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fletcherJames1James Fletcher was born in Preston in 1893 to Alexander Edward and Mary Alice Fletcher (nee Morley). His parents were married in St. Thomas`s Church in Preston on the 22nd September, 1883 and they went on to have six daughters and five sons.

In 1911 the family were living in six rooms at number 9 Maynard Street in Preston. James`s father was a mill engineer and James was employed as a `clogger` (bootmaker). Eight of James` siblings were all working in a cotton mill; Nancy (1884), Ellen (1886), Alexander (1888), Edward (1889), Mary (1891), twins Alice and Sarah (1896) and Daniel (1897). The two youngest children were still at school; William (1900) and Maggie (1906).

James signed on for 4 years with the 4th Battalion of the Territorial Force on the 20 July, 1913 at Preston and was allocated the number 1755. He was unmarried and living with his parents in Maynard Street and was still working as a boot maker employed by Mr. James Mercer on Friargate in Preston.

At the outbreak of war James volunteered to serve abroad and signed his agreement to that effect on the 7 August 1914.

The 1/4th Battalion spent several months in training before departing for the front on the 4 May, 1915. Just a few short weeks later the Battalion were involved in their first major action around Festubert and at the time James had the role of stretcher bearer and medical orderly.

For his actions in tending to the wounded and dying on the 15 June, 1915 James Fletcher was awarded the Distinguished Conduct Medal. The citation reads as follows:-

fletcherJames2The following is an extract from a letter concerning the events of the evening of the 15 June, 1915 written by Private Thomas Preston to his parents in Preston, Thomas was also in the 1/4th Battalion.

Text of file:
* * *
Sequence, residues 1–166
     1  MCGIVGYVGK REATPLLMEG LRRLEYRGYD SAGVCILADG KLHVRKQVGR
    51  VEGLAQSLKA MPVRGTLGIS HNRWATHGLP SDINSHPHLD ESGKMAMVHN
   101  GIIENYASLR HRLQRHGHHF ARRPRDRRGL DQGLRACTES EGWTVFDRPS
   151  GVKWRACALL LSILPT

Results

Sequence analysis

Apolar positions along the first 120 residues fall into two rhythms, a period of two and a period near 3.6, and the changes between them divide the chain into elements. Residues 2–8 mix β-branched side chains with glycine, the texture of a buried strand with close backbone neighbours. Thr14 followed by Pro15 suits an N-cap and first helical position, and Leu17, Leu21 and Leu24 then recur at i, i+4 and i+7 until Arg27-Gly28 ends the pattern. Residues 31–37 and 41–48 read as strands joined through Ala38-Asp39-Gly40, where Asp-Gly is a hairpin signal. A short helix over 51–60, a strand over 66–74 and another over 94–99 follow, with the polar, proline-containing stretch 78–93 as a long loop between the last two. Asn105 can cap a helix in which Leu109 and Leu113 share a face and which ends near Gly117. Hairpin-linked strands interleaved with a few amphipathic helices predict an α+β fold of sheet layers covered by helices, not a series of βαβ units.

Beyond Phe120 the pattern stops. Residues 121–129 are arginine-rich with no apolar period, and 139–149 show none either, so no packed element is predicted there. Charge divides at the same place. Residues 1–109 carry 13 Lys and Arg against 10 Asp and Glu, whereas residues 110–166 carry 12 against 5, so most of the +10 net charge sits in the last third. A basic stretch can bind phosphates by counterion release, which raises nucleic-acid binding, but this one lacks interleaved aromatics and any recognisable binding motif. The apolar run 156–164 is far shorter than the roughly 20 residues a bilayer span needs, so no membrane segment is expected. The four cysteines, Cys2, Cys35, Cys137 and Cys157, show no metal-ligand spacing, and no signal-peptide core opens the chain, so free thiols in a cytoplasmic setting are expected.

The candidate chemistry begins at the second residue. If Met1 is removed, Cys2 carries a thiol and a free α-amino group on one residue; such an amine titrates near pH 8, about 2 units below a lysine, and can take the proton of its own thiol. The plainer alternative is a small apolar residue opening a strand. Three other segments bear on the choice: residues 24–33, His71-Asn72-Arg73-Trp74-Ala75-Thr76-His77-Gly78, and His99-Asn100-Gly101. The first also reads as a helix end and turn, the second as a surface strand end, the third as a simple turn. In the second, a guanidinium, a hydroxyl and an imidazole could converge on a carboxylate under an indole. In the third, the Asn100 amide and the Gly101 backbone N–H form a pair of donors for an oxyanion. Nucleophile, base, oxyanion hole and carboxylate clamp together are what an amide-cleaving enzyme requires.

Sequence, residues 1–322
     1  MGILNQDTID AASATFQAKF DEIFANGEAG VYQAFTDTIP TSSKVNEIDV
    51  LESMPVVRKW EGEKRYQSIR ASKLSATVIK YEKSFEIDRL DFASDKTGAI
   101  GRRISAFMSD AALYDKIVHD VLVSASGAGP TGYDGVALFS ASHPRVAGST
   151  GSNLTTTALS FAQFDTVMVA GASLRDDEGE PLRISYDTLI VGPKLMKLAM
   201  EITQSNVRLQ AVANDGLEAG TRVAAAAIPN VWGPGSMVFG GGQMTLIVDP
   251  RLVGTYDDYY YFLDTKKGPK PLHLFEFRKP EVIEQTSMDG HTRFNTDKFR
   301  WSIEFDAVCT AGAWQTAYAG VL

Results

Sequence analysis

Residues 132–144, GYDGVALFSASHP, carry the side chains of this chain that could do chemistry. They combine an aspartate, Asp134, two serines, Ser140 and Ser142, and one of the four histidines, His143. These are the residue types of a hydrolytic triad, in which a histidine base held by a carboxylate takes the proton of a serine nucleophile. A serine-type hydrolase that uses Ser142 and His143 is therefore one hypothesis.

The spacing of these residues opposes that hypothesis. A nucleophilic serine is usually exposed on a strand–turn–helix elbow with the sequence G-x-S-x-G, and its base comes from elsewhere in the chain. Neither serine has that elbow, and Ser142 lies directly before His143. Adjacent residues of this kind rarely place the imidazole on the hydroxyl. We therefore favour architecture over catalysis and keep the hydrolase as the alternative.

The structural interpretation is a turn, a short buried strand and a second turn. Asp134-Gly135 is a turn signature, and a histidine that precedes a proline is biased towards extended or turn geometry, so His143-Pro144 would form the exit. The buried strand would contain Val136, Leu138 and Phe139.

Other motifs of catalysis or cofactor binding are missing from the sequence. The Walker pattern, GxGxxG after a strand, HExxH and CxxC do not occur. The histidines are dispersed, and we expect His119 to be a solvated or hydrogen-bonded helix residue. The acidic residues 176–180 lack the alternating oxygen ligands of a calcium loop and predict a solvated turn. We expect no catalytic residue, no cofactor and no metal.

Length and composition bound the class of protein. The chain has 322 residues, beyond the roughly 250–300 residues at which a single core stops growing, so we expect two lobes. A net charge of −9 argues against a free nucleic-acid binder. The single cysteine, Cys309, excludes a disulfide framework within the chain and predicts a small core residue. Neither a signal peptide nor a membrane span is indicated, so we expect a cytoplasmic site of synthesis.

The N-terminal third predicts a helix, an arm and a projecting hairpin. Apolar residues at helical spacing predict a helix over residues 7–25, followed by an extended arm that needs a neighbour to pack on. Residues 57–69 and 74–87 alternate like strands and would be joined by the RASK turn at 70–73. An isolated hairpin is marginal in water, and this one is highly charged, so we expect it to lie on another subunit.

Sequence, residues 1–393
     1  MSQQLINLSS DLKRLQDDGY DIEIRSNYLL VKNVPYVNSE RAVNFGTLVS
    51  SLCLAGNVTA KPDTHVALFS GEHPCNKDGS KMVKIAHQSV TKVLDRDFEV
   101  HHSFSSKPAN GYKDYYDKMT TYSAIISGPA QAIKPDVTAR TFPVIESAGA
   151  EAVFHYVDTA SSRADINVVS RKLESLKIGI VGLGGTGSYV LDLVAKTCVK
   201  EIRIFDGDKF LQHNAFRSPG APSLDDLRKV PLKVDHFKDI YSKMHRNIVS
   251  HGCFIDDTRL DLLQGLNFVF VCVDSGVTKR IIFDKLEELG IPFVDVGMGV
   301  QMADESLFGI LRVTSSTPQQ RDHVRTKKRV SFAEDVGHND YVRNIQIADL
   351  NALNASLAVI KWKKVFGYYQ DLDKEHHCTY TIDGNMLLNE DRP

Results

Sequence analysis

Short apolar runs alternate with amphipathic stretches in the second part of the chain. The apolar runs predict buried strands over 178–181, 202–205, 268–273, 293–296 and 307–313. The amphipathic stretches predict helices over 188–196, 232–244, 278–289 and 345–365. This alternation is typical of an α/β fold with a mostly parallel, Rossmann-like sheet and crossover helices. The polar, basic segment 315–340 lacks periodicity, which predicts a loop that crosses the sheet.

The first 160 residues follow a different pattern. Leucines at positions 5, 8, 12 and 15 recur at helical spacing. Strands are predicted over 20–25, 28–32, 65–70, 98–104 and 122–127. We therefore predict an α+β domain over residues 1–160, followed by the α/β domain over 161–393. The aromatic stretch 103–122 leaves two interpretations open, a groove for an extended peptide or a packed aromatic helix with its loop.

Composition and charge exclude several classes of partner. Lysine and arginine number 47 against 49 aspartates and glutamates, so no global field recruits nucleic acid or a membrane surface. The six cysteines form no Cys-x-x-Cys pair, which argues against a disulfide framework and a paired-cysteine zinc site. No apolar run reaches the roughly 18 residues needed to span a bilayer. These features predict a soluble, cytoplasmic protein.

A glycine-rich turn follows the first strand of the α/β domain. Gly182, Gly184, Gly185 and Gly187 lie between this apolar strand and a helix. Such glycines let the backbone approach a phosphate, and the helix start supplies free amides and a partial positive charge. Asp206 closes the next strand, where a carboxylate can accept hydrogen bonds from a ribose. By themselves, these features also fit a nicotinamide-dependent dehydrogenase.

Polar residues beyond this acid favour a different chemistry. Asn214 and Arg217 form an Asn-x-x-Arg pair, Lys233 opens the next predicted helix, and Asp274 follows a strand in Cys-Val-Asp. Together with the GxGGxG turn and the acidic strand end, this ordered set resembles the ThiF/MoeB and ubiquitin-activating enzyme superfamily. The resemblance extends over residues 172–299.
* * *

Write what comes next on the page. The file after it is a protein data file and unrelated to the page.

Storm of rifle fire and shrapnel

“I am ready for this ending any time. I do not think it can last much longer. We have been in the trenches again, and have been in a charge. You talk of hell! It was awful, but never mind we had the Germans beaten.

I was one of the first over the parapet, and we were met by a storm of rifle fire and shrapnel. Our chaps were dropping all around, it was an awful sight. I don`t know how I came through it all, I got fast in the barbed wire entanglements and cut my hand to pieces.

I hope and trust I will never see anything like it again. Nobody can realise what it was like. We have lost very heavily as you will see before long. I think that we have done our share now, don`t you? The German Jack Johnsons are awful, some of our chaps were blown into the air”.

After the actions on the 15th June orders were finally given to withdraw and under the cover of an early morning mist (16th) they finally got away although James appears to have stayed behind to tend to the wounded.

When the Battalion arrived back in Le Touret only 243 men answered the roll call. The total number of casualties being: killed or died of wounds 4 Officers and 19 other ranks, six Officers and 255 non-commissioned Officers and men were wounded, 2 Officers and 145 men were missing.

When word of his DCM award had eventually reached his family back in Preston the following article was printed in the Preston Guardian.


James was appointed Acting Lance Corporal the day after the famous charge at Festubert and a year later in June 1916 he had advanced to the rank of Sergeant. In January 1917 he received his new TF style number of 200388 and by February 1917 he had been promoted again to Company Quartermaster Sergeant.

Sadly, James died on the 31 July 1917 during the first day of the 3rd Battle of Ypres (often referred to as Passchendaele). He was part of ‘D’ Company.

After his death another article with a photograph of James wearing his Distinguished Conduct Medal appeared in the local paper.


James`s father Alexander died at the age of 56 in 1919 and so his mother Mary Alice signed for her son`s medal entitlement to the 1915 Star, British War and Victory Medals.

Unfortunately James` body was never recovered from the battlefield and so his name is remembered on the Ypres (Menin Gate) Memorial to the Missing.



Rank: Company Quartermaster Serjeant
Service No: 200388
Date of Death: 31/07/1917
Age: 23
Regiment/Service: The Loyal North Lancashire Regiment, 1st/4th Bn.
Awards: DCM

Janet Davis
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One Response to 200388 CQMS. J. FLETCHER. L.N.LAN.R

  1. suzanne howarth says:

    Hello Janet…I have in my house a Beautiful Oak Prayer kneel desk, which has a brass plaque…It is Inscribed, Major James Fletcher, DCM, 1/4 Loyal North Lancs, died 31st July 1917…..which is the same soldier as this article,,,

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